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Volume 38.2
Summer 2007

book review:

Tumulus
by John Martone

Reviewed by Bruce Ross

Tumulus, by John Martone (Charleston, Ill.: Dogwood & Honeysuckle, 2006). 70 pages. 5.25 x 4.25. Paper covers; softbound, saddle-stapled. No ISBN. Free from the author at 1031 Tenth St., Charleston, IL 61920-2823.

This small volume of perhaps our most prolific minimalist haiku poet seems a kind of culmination of the hermeticism John Martone has been angling for over the years with shorter and longer vertical haiku. The "narrative" of the volume is a syntactically pared-down glimpse of natural mysticism, perhaps encountered on an overnight camping trip or a long day. Tumulus is an ancient grave mound here personalized to a friend or the poet’s inner self:

some pebbles—
my dead friend’s
here

tumulus
—no
no one

Nature becomes a sacred site for the fusion of a Buddhist empty mind wih nature itself that percolates memories and insight into things. The poet is working at a superfine level that justifies the truncated idiom. The first haiku augers his intention and the last haiku may be a Whitmanesque call to the reader to the insight of the volume:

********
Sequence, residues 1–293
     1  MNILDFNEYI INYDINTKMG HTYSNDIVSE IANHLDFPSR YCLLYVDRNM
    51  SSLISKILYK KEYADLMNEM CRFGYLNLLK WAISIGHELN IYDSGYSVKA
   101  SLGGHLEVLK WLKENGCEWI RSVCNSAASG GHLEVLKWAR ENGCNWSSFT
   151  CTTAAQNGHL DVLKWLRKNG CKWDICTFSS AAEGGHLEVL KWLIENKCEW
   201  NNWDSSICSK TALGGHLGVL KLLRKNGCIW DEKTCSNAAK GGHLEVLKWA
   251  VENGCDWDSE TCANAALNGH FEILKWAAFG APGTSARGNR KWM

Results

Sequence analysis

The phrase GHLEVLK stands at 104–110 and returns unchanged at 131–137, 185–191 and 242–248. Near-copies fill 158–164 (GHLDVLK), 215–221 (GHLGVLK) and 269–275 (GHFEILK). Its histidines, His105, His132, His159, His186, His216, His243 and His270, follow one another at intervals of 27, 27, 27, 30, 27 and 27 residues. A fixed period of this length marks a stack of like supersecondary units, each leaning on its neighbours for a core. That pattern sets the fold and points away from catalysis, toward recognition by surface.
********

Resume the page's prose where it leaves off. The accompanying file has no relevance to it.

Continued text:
alone
all you’ve
brought w you

you're part of this secret

Martone is writing in the hermetic vein where words are stripped to their essential being as "naked poetry." Hermeticism has been called an "aesthetic mysticism," and such a definition applies to Tumulus. St. Francis seems alluded to in some poems’ phrasing: "forgive / me/ mosses" or "thank you / brother /squirrel." And the sacredness of nature is acknowledged:

autumn
woods

on my
knees

In several of the haiku ritualized structures resembling Native American scared constructs or eco-installations like Robert Smithson’s Spiral Jetty and the site-specific natural constructions of Andy Goldsworthy appear:

place twigs
& pebbles

around this
moss circle



hollow
sy
camore

trunk’s
my "no

house"
chimney

Martone explores various modes of nature mysticism and enters shamanic trance states. Nature reveals its secrets and is transformed as is the poet:

this
pebble
bears

a
quarter-
inch

deep
pond

this mushroom
its own
moonlight

all along
these pines
showing you how

In Tumulus natural realities: acorns, trees, pebbles, sunlight, darkness, etc., become metaphors of evolving mental states as well as hermetic words that open up to their actual "interior" presences. In summary, Tumulus is a challenging but rewarding volume.

 

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